Christmas Dinner for One

Christmas Dinner One Person

This year I was in a position where I was expecting to cook Christmas dinner for one – but at the last minute I was invited out for Christmas dinner. However, with a lifetime of Christmas dinners for one looming ahead of me I have had chance to really think about what I’d cook. While I love eating and love eating Christmas food, I really don’t like the process of shopping for food, preparing food, cooking food, clearing up afterwards!

Firstly, just because you’re on your own, there’s no reason to completely not bother. You’re worth it! It’s Christmas, so you should at least think a little about how you can make a Cheats Christmas, easily, for yourself.

I’m afraid I’m not one to try new things at such a traditional time.  For some there’s the opportunity of indulging themselves in new foods and experiences; for me, I prefer the traditional Christmas dinner, with my own choices of what’s on the plate and how much of it!

The main issue with cooking for one is thinking about the minimum size of pack you can reasonably buy to achieve the small volume you’ll be needing/using. Beyond that it’s a question of what facilities you’ve got available. While you might have a full kitchen available, many might just have a microwave, or even a slow cooker! But something is achievable, no matter what your situation.

There are several routes you can take, which are explored below. The main thing to do is to work out what for YOU means Christmas dinner and compromise on those aspects that are less important to you. This can be the difference between having a Christmas dinner, or going without …. all for the sake of a little bit of compromise.

So make a list of what’s your version of a Christmas dinner and see how you can whisk up a hot plate of seasonal goodness for yourself!


Well, there’s no point in buying and cooking a whole turkey. Darned big things, taking up too much space, taking ages to cook. No. But, you do have a variety of options, depending on what your master game will be.

A turkey crown is just the breast meat, usually with the bone removed. This is a great solution, it usually comes in its own foil tray too, simply read the instructions (which usually say stick it in the oven for 1-1.5 hours) and let it cook. On the downside, there is a lot of meat in a turkey crown, so you could consider either buying just a turkey breast, or leg, or even ready-cooked and cold slices from a good deli counter. If you do buy cold slices, then you can microwave turkey slices for 2-3 minutes before serving and covering in hot gravy. mmmm

  • My choice: it’d be either a turkey breast, cooked in foil, or ready-cooked turkey pieces which I can microwave or reheat in the mini oven.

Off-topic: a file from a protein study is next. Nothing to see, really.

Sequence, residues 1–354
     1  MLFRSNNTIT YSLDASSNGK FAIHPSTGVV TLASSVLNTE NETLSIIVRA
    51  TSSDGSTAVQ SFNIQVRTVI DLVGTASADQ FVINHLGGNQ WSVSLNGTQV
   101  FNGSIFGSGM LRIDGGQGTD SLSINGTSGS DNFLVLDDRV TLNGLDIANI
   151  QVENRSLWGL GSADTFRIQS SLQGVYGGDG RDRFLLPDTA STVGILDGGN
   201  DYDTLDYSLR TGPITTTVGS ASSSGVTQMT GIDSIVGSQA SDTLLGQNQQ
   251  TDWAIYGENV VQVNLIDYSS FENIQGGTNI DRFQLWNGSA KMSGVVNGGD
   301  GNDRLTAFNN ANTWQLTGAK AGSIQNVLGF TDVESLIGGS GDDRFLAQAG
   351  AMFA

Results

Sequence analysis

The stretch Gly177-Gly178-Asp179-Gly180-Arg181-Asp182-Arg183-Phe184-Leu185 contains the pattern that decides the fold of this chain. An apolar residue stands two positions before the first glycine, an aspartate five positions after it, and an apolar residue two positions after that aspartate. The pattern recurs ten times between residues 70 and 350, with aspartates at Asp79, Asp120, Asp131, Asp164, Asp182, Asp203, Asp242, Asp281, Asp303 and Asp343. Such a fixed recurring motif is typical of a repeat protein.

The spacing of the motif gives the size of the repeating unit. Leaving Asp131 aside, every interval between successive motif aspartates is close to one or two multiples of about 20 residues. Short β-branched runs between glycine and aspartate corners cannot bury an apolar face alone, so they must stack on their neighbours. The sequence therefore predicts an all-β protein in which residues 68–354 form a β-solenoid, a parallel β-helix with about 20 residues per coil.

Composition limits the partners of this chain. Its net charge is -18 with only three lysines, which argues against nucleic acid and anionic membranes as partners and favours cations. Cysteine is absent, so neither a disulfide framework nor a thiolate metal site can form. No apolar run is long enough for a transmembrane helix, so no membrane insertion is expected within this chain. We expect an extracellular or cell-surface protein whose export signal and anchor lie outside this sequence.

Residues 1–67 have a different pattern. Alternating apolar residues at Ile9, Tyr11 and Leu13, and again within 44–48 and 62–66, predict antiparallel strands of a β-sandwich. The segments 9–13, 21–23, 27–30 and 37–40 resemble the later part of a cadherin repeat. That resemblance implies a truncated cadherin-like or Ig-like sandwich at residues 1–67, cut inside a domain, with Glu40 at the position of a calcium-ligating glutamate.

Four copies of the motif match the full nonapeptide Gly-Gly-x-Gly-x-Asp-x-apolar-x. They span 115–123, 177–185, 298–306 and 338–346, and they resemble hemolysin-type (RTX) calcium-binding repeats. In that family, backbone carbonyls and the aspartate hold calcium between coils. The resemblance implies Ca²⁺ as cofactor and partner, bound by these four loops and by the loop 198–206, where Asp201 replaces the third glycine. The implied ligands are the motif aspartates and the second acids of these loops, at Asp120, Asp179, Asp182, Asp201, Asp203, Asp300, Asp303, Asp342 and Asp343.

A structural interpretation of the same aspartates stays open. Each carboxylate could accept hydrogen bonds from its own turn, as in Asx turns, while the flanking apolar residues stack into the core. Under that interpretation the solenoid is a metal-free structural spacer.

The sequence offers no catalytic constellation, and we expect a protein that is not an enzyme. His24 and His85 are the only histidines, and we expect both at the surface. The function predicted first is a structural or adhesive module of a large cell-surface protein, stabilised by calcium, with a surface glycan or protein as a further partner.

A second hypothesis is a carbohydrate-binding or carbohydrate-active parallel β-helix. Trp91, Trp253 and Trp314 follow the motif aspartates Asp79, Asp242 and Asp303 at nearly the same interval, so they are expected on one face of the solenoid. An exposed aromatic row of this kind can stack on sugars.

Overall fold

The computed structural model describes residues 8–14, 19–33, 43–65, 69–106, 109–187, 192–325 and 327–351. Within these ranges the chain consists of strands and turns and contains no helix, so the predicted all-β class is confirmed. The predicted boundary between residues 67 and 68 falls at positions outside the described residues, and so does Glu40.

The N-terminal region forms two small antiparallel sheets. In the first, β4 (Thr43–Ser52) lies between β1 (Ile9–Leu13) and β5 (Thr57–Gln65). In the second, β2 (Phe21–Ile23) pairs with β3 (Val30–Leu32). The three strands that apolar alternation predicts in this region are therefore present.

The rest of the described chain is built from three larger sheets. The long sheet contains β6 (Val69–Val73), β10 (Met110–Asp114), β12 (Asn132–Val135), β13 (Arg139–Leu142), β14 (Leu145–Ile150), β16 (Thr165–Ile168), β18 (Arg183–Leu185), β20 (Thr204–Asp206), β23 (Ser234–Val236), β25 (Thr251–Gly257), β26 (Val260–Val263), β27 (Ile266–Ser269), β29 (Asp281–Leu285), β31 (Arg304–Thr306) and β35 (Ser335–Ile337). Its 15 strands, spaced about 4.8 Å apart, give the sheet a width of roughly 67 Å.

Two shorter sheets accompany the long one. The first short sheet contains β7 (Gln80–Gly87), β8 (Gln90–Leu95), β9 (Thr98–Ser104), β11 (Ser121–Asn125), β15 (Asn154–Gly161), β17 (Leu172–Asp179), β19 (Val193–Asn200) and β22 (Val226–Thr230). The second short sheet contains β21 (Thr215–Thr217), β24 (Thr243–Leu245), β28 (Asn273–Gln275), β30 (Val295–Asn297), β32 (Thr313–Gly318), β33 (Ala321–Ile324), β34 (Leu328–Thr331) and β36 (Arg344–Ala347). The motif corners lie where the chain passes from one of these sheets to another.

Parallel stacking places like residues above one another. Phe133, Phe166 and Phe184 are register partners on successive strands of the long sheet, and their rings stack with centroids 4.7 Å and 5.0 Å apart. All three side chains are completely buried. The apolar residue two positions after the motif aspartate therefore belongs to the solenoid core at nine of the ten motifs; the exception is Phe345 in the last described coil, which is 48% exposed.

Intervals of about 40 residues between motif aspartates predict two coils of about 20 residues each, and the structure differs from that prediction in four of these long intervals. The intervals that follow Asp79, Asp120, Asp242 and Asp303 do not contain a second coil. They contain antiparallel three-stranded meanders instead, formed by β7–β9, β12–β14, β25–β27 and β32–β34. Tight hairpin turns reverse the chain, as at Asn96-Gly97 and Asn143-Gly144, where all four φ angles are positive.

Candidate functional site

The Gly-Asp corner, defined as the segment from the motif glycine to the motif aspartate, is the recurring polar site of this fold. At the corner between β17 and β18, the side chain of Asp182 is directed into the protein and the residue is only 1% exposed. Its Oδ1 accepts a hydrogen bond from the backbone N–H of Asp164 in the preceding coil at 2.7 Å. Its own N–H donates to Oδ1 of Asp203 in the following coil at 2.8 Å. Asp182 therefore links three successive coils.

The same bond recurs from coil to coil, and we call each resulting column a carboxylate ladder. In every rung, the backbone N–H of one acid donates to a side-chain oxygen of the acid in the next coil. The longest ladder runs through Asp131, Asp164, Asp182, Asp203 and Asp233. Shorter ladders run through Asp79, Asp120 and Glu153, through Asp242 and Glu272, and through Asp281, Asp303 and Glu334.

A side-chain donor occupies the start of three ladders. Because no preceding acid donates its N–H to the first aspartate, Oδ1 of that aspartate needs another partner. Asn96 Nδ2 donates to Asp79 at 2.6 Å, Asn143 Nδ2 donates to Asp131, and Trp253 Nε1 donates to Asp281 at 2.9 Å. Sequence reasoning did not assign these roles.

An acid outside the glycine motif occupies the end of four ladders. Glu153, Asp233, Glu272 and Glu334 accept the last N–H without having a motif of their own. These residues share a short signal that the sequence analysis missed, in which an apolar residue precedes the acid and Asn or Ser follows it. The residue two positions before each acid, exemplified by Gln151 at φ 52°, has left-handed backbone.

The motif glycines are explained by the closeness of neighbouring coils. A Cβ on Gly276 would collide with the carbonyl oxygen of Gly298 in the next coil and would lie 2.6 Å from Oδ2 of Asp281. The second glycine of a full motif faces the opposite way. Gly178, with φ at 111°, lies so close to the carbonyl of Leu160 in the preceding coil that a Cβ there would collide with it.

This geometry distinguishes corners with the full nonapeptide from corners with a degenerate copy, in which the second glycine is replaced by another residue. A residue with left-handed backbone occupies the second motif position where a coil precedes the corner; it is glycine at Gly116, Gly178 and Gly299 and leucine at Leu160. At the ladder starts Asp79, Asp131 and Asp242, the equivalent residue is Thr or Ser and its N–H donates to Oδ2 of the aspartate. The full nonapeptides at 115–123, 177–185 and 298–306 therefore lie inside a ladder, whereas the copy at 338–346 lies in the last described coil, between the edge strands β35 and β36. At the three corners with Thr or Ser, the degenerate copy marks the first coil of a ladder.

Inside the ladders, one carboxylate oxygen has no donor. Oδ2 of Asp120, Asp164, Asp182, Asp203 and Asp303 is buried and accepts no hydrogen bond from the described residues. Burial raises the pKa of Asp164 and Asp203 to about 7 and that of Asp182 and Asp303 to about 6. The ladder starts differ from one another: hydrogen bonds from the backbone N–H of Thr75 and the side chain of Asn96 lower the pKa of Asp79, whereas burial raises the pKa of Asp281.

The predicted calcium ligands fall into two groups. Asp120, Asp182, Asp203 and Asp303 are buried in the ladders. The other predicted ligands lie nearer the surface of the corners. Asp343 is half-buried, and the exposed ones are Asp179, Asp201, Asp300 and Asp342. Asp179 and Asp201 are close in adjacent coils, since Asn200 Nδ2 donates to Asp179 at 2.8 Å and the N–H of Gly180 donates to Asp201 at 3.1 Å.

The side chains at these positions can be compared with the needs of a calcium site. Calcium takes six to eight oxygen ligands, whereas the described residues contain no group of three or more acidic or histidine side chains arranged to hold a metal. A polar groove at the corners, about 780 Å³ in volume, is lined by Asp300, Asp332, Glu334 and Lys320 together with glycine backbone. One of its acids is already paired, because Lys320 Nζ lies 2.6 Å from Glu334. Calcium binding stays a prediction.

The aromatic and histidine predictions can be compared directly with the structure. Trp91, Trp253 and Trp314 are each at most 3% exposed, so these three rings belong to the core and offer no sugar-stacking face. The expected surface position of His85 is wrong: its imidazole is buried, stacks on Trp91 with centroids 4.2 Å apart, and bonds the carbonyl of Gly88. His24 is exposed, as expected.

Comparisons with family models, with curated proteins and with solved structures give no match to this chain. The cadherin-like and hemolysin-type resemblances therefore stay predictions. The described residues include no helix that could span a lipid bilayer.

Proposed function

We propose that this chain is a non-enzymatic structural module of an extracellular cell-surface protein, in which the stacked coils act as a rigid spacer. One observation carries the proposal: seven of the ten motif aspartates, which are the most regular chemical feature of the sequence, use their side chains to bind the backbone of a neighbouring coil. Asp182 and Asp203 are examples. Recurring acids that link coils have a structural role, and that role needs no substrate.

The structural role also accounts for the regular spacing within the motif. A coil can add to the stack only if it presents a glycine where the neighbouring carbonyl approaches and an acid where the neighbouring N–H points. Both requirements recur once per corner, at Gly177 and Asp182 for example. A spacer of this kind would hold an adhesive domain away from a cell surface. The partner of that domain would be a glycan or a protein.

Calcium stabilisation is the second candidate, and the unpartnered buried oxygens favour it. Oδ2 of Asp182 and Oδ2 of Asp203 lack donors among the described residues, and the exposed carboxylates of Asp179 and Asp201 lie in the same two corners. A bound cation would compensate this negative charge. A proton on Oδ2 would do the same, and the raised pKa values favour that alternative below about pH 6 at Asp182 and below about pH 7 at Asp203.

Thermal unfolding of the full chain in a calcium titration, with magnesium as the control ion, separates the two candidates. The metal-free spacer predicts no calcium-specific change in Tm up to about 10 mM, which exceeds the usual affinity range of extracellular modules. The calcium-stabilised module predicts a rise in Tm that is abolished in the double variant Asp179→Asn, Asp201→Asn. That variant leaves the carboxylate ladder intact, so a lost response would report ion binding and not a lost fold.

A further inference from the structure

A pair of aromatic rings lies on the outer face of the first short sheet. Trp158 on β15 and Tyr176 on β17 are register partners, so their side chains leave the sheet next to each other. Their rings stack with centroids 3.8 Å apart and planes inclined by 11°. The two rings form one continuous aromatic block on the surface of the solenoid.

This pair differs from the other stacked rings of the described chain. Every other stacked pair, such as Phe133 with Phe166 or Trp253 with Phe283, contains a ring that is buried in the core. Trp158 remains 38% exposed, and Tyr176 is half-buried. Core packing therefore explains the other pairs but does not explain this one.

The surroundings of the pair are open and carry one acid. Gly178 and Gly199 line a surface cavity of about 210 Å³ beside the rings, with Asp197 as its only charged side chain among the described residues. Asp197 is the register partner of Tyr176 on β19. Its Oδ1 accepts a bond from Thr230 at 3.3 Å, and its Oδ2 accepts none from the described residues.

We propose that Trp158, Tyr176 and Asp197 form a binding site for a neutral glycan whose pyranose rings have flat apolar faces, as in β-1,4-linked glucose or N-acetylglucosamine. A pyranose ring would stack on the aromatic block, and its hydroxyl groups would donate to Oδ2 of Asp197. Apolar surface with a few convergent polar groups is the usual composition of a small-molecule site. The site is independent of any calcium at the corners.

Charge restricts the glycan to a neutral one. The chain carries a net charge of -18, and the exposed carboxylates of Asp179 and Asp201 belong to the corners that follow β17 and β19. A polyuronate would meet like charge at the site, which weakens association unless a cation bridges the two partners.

Pigs in Blankets

We didn’t have pigs in blankets at home when I was growing up. Indeed, it was many years before I managed to persuade the rest of the family to allow me to slide some cocktail sausages into the oven.  I’m also not a lover of bacon, so sausages wrapped in bacon’s never appealed.

If you’re not that bothered about pigs in blankets then you can either just cook up some regular cocktail sausages in the oven (cook a whole pack as you’ve then got some nibble/buffet food to munch through in the coming days), or buy a pack of ready-cooked cocktail sausages and just nuke them for 1 minute right before you serve them (maybe while you’re microwaving the turkey slices if you went for that option!). I bet the stuffing will fit in the microwave too.

  • My choice: Buy the ready cooked cocktail sausages from the supermarket.  Microwave them or reheat in the mini oven.

Roast potatoes/Roast parsnips

You can buy these frozen, then simply tip out how many you need on the day and stick those in the oven. Yes you can prepare and cook them from scratch, but if you’re cooking for one you’re probably looking for some shortcuts and cheats. If the roast potatoes and roast parsnips are the best part of the meal in your opinion, then you’ll probably be cooking up a dozen of each…. frozen gives you the option of just cooking 1-2 of each.

You can microwave frozen roast potatoes and parsnips, but the issue here is that they won’t be crispy – and you really need to find/buy the brownest ones, for aesthetic reasons. You can’t usually see inside the packets, so you either have to work your way through them all over the year to find the best/brown ones… or take a chance and cover them in gravy on the plate 🙂

  • My choice: I might go for frozen parsnips and roast potatoes, just to reduce the cooking time.  I’d microwave them to cook them further, before finishing them off in the mini oven.


Of course you can buy, chop, prepare, cook all the veg you want, or, simply spend some time (even online) looking through the mixed steam bags of veg that are available. What you don’t want to do is to end up with veg overload. You want to be cooking a meal that’s a Christmas Dinner for one once…. not every day for the next month!

You might be pleasantly surprised at the vegetable combinations you can pick up these days. For me I’d be looking for cauliflower, broccoli, carrots and peas – although I do dislike frozen carrots as they do cook up like bullets. Brussels sprouts – for me these are compulsory 🙂